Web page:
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Dec 31, 2012

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Rakesh Rao


Did you try with AutoCAD 2013? The full, regular version? Do earlier AutoCAD versions also work with touch OS Win 8?

Ralph Grabowski

I tested the touchscreen/Win8 combo with AutoCAD 2013. I don't expect that earlier versions would be any different.

After all, Windows 8 is just a Dr-Jeckle Windows 7 with a partial Mr-Hyde UI makeover. For instance, BricsCAD runs fine on Windows 8; haven't tested any others, yet.

Jchawner

Ralph: Your experience doesn't surprise me. Holding up your arm to point at and touch a screen positioned like a traditional monitor just won't cut it. And your "fat finger" experience makes obvious the fact that current UI paradigms will have to change for touch. Now imagine a touch screen configured more like an old-school drawing board and we might be getting somewhere.

Ralph Grabowski

SpaceClaim claim that last year they rewrote their software to be touch-friendly. They also noted that the monitor had to be laying down to be effective.

It must have not been all that successful, for this year they aren't pushing touch. Reminds me of think3 did the same thing with voice input: flattened the command structure to accommodate voice commands in one release, and then ignored the feature in the following releases.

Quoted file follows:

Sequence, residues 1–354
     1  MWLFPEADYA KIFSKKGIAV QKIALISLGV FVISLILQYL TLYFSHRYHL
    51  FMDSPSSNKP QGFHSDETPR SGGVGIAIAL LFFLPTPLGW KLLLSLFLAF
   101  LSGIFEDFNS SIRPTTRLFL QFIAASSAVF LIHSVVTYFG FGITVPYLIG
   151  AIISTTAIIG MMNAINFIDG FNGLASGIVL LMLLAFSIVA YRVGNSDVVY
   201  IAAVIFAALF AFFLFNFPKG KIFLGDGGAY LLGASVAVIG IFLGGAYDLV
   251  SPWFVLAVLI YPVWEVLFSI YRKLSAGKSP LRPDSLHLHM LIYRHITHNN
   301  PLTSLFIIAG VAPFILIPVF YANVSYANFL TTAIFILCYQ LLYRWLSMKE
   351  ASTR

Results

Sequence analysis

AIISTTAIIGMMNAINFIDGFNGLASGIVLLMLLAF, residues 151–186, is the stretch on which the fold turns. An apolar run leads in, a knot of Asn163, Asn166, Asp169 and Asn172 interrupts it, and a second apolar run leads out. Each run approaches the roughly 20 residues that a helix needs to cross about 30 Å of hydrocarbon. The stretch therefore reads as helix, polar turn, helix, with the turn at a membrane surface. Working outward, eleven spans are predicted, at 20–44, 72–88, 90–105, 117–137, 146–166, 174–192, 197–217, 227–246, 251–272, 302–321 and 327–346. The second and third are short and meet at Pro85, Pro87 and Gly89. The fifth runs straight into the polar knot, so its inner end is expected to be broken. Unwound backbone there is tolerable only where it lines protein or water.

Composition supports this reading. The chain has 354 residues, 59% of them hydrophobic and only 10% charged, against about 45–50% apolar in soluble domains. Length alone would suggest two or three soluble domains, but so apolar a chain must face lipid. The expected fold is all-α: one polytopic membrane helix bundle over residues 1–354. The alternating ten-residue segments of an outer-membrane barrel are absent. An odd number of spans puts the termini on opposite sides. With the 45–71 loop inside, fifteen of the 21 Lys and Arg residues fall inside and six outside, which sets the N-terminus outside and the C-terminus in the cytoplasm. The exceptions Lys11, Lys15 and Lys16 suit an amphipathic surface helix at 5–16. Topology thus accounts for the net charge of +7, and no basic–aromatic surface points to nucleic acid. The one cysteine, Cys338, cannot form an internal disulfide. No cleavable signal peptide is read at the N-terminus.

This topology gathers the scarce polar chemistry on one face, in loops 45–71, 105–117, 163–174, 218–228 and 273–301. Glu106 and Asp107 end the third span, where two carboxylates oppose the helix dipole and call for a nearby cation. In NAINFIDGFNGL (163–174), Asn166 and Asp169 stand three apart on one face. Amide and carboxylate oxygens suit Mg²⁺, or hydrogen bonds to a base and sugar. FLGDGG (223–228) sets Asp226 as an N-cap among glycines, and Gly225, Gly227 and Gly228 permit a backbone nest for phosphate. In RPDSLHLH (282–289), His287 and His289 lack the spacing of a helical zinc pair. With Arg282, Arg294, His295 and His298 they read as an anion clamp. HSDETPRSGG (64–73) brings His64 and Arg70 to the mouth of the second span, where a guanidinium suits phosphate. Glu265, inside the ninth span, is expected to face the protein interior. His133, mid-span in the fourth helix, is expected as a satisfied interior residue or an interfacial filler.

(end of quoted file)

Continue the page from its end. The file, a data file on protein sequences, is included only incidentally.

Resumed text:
Bill Fane

I would like to comment on your mention of how the "fat-finger" syndrome doesn't produce enough accuracy for design work.
I don't think this is new to touch-screen CAD at all. I'm sure that during my life I have worked on/worked with/repaired a great many products that were designed by people with "fat fingers", like the burned-out car dash light bulb that can't be replaced without removing the entire instrument cluster, or certain Porsche and Chevrolet models that required removing the engine to replace the last spark plug, or the '37 Rolls-Royce that required drilling a factory-prescribed hole in a chassis cross-member in order to remove the last bolt holding the starter motor. or the leaky condensation tray on the refrigerator that can't even be patched without removing the motor/compressor and hence the refrigerant, or....

Ralph Grabowski

My pet peeve: It seems to me that freeway interchanges are designed more poorly as CAD is more used (cf. 200th street interchange on Hwy 1, as well as the double-traffic circle with nine roads at the McCallum interchange here in Abbotsford).

R. Paul Waddington

Smiled when I saw your comment about freeway design Ralph. Remined me of a bus interchange built for a local high school. I provided the designers with the minimum turning radius required by our buses (I was designing them at that point in time). The very first day the buses very nearly ran over the toes of students as they mounted the footpath when entering the interchange. A complaint was made to me and when I went to inspect I found 90 degree left turns (buses entering and leaving) with no radii and the required radii plus a bit on the right hand turns made within the interchange.
I found the designers did not KNOW? a bus needs the same turning radius for left and right turns. Dumb, I know, but real and, CAD would not have made any difference in this case.
Please note!. I am talking about a country where we drive on the correct side of the road ;-) meaning we pass starboard to starboard so as to facilitate the drawing of swords to engage an on-coming opponent.

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